La Joya Honey
Finca Concepción Buena Vista, San Martín Jilotepeque, Guatemala
Lactic Maceration | Honey Process
Strawberry Rhubarb Pie, Arnold Palmer, Chocolate
We've been lucky to feature several amazing coffees from the Solano family at Finca Concepción Buena Vista in San Martín Jilotepeque, Guatemala over the last few years. They've become one of our biggest farm partners, and are some of our closest coffee friends! When they visited Nashville last year, we had the chance to hear directly from David about his unique experience as both a coffee farmer and World Barista Championship competitor, and tasted some amazing coffees with our entire 8th & Roast team.
One of the standout coffees from that night is our latest release: La Joya Honey—a Lactic Maceration Honey-Processed coffee. This is the first year the Solanos have produced honey-processed coffees, which are a step between a natural process, which is dried with the cherry fully intact, and a washed process, where the cherry is removed entirely.
For the lactic honey process specifically, cherries are selected for size and ripeness and then moved to fermentation tanks where they are sterilized with ozonated water for half an hour. After the water is drained, they fill the tanks again with UV-treated water and a lactic bacteria "mosto" (or liquid) from the same lot of coffee, which is extracted on-site in the farm's microbiology lab. Using lactic bacteria from coffee of the same lot and varietal enhances the fermentation, and intensifies the flavors naturally occuring in the coffee.
After 75-90 hours of fermentation in anaerobic tanks, the cherries are removed, depulped and taken directly to raised beds to dry for around 15 days. The resulting cup is complex and deep and gets more and more interesting as it cools! In the cup, we're tasting strawberry rhubarb pie, Arnold Palmer, and chocolate.
La Joya Honey is available now on drip or manual brew at our 3 streetside locations, and online soon!
What David has to say about their first year of honey processing means to them:
"The idea started with the goal of creating a coffee that will have this really nice creamy, silky texture (created by the lactic bacteria) but with the brightness and sweetness that characterized the washed process. We were motivated and happy to make our first honey process. This year, we ran for the first time in the farm history, our own wet mill on site. This is a huge milestone for us, because now we are able to control the missing piece in our specialty coffee: fermentation... We were motivated to learn more about it, explore the cup profile that we can get out of our coffees by doing the honey process. Our starting point was the lactic natural process (in terms of bacteria concentration), but drying of the honey process was also something new for us. We were so happy to learn more about coffee profiles, and this Honey lactic definitely taught us a lot.'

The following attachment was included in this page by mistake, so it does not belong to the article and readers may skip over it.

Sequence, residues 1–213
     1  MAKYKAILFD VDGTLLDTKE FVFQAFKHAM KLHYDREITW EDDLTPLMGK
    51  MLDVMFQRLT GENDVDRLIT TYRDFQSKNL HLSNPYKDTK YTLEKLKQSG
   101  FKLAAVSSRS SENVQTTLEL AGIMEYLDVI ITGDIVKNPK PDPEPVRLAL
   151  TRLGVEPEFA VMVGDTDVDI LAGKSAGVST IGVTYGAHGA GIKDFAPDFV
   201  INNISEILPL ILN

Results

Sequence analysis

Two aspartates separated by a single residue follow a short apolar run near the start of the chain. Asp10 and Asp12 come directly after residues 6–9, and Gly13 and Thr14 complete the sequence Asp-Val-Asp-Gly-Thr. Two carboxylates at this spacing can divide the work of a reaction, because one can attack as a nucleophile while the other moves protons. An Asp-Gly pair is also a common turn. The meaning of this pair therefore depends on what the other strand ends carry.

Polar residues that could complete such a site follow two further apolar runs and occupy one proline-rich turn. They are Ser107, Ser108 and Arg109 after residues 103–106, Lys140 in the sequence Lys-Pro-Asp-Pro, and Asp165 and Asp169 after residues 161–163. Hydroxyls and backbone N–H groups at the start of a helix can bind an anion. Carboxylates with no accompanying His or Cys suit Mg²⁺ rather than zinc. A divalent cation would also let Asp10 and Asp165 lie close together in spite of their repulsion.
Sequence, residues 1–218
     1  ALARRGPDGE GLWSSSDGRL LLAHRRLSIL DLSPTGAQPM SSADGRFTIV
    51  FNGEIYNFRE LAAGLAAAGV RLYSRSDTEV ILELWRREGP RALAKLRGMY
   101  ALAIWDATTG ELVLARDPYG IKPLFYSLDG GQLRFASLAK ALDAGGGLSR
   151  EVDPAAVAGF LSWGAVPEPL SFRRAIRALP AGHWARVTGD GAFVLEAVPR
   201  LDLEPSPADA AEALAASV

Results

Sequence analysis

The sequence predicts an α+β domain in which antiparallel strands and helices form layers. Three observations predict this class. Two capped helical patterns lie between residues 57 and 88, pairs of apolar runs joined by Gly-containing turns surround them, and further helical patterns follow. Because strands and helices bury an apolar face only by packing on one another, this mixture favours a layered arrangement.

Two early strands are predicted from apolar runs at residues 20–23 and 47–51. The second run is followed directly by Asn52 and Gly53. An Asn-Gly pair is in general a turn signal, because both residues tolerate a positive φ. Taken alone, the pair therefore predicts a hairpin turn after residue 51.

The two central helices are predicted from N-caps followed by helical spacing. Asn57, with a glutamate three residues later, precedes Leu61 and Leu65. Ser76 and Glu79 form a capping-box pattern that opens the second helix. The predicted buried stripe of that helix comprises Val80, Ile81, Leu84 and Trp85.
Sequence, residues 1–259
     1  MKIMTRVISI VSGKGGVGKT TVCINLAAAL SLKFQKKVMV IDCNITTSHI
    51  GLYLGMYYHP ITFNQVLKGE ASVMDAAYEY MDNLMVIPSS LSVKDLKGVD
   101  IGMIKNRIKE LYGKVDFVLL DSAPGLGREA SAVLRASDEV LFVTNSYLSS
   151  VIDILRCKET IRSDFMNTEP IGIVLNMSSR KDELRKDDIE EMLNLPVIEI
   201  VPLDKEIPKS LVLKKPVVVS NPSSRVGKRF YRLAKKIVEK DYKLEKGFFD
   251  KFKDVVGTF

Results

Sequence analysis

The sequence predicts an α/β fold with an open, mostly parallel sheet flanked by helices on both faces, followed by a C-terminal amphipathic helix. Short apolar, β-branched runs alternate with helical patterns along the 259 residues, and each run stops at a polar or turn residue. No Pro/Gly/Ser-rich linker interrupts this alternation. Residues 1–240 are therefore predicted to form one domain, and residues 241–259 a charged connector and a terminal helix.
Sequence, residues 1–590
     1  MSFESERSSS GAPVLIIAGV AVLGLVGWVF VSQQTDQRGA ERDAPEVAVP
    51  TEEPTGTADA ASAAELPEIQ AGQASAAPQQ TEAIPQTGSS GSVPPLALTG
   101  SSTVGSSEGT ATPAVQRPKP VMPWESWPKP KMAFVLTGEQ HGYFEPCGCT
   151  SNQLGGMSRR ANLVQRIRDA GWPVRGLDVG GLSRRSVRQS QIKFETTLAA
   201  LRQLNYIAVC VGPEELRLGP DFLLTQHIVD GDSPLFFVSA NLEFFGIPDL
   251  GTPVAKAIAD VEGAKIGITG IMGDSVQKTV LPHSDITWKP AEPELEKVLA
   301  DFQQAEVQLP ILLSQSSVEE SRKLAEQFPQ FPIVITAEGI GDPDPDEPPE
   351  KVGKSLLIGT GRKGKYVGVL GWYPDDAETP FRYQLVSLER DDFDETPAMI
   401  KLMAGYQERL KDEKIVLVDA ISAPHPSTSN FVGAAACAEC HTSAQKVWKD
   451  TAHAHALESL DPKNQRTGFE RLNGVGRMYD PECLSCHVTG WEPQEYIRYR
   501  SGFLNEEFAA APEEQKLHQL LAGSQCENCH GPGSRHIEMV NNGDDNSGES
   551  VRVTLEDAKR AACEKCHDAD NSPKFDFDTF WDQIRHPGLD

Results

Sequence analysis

Being able to have our own wet mill, definitely sparked our desire to play more with the coffee. This year marked the base or starting point for more experimentation for sure. It definitely opened our mind to understanding the possibilities of working with live mucilage and the possibilities of enhancing these new techniques with natural agents that live on the same ecosystem, for example, fruits that adapt to the same ecosystem of our coffee trees.
Also, for our community, it was the first time that people learned and worked the honey process. It's amazing how these small ideas spark interest not only for us, but also for the whole community."